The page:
The Ecuadorian 2019 Giro d'Italia winner boisterously celebrated his second-placed finish in front of hundreds of his compatriots at the race finish in Madrid.
Carapaz stood on the second step of the podium, behind Roglič and ahead of young Briton Hugh Carthy (EF Pro Cycling).
Carapaz's Vuelta was built upon consistent performances in the mountains, where he arguably stronger than Roglič, but he lost 49 seconds to the eventual winner in the time trial and also surprisingly leaked time in the harder sprint finishes as Roglič showcased his fast finish.
Carapaz launched a final assault on Roglič's red jersey on the summit finish to Stage 17, but despite quickly gaining a sizeable gap, Roglič rallied and was able to hold Carapaz's gains to just 21 seconds, well short of the 45-second swing required.
“I don’t have any kind of bitter taste in my mouth," said Carapaz after that stage. "I raced as hard as I could and the best I could. If I didn’t get more bonus seconds, that was how it was. I have no regrets.”
Carapaz reflected upon losing teammates Michal Golas and Brandon Rivera ahead of the first rest day, work that had to be assumed by key lieutenants who were then absent at times in the high mountains.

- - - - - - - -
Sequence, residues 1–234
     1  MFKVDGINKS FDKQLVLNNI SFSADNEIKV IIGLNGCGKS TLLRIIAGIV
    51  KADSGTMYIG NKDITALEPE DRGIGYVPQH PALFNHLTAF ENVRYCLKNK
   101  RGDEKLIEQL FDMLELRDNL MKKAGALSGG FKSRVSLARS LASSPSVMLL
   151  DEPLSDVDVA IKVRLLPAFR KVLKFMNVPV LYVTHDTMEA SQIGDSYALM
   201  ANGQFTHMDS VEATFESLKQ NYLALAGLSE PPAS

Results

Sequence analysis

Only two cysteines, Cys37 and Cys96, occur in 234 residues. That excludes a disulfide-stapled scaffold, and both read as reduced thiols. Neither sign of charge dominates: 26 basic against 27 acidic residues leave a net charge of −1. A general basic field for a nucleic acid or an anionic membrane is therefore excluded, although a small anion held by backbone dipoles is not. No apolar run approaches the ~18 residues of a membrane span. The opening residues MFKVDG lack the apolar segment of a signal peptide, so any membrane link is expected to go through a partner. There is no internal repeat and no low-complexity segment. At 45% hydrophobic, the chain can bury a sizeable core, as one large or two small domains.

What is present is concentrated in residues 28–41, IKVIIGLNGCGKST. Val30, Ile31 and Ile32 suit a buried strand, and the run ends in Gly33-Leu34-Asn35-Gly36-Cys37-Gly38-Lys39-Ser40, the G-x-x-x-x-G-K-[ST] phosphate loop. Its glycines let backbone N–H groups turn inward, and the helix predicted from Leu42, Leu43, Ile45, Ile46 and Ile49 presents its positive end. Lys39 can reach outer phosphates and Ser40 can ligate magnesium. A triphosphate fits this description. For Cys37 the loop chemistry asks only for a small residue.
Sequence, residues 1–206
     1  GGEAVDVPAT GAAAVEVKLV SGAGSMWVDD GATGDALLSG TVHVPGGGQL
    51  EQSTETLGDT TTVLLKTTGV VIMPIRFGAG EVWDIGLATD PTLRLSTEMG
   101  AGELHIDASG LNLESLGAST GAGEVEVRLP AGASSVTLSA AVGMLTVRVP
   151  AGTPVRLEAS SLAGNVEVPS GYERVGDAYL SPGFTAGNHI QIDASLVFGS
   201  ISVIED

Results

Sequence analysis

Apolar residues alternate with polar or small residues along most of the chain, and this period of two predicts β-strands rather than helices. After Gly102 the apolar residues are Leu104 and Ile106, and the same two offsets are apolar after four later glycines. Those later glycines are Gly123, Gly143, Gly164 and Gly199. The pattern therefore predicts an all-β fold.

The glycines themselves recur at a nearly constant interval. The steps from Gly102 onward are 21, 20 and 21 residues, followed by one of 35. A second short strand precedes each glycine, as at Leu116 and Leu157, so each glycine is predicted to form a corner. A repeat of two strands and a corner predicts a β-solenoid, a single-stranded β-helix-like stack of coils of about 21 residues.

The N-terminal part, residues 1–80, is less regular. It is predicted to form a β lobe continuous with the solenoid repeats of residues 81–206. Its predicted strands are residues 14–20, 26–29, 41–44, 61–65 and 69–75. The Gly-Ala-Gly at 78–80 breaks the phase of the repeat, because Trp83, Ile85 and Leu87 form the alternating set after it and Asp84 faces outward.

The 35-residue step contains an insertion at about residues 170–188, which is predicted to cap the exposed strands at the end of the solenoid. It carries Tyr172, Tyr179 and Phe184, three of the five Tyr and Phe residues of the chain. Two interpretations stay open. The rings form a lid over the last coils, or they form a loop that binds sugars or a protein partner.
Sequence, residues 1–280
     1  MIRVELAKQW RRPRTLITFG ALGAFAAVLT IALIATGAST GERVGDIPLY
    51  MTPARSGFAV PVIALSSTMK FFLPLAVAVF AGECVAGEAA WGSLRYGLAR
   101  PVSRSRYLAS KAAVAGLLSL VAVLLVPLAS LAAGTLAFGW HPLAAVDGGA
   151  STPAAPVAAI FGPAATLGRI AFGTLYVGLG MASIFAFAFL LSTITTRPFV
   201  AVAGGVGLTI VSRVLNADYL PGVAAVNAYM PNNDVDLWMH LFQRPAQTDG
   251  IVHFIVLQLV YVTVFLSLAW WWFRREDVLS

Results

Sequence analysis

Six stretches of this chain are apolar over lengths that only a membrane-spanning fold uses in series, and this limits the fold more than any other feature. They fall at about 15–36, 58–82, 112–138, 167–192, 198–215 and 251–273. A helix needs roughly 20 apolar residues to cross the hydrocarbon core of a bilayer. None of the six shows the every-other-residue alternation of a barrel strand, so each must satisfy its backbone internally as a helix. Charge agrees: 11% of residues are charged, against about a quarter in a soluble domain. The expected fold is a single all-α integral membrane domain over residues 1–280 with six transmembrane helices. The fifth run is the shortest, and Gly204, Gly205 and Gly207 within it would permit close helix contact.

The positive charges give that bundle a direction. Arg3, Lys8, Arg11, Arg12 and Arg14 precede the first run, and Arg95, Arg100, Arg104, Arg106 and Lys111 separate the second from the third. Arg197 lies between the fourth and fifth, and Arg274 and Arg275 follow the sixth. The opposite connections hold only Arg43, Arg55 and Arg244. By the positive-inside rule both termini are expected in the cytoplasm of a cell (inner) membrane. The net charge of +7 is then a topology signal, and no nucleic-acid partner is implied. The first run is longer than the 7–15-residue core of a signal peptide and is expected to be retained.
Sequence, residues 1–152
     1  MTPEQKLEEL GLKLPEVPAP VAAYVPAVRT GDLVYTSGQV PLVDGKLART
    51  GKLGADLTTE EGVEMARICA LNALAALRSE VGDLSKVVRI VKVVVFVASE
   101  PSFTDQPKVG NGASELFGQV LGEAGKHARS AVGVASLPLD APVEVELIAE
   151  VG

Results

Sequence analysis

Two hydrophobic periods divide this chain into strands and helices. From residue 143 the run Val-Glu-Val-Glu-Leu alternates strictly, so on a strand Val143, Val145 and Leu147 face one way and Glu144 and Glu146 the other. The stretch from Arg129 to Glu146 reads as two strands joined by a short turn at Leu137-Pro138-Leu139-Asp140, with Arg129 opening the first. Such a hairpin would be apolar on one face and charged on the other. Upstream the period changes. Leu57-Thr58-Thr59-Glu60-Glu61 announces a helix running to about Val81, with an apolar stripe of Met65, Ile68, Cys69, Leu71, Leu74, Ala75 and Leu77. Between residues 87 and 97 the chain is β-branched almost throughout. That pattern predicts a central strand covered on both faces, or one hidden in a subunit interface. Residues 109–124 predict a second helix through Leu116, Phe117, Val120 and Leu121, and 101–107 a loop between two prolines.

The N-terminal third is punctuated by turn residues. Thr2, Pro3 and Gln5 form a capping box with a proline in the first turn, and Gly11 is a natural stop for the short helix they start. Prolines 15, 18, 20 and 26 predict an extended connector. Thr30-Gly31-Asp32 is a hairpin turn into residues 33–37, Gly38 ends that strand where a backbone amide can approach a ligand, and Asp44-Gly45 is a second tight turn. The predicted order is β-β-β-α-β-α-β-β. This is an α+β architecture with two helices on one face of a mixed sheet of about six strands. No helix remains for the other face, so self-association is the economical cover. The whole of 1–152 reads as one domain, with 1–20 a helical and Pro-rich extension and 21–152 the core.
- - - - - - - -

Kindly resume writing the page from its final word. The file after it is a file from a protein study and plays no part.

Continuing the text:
"In a team of eight riders, losing two mattered a lot,” he said, “but under the circumstances, we did a great job. I’ve always tried to stay in the action, and fight as hard as possible for this race.
“Of course I wanted to win the Vuelta but I’m finishing this season feeling very satisfied with my second place overall. And above all, we know that for another time, we’ll have a team that’s fully competitive.”
Carapaz's season was stranger than most, even given the revamped 2020 calendar due to coronavirus. He was intially scheduled to defend his title at the Giro d'Italia, but instead was rushed in late to the Tour de France team and then given his own shot at leadership at the Vuelta. In the end, the only Grand Tour he didn't do was the one he'd been preparing for.
The scenes at the finish will be worrying to Vuelta organisers and Spanish authorities, who spent the whole Vuelta making sure that it wasn't going to be a vector for COVID-19 to be further spread. Spain has been averaging about 20,000 cases a day for a few week, but the race had been a success story with no cases reported and little in the way of crowds by the roadside to increase the spread of the disease.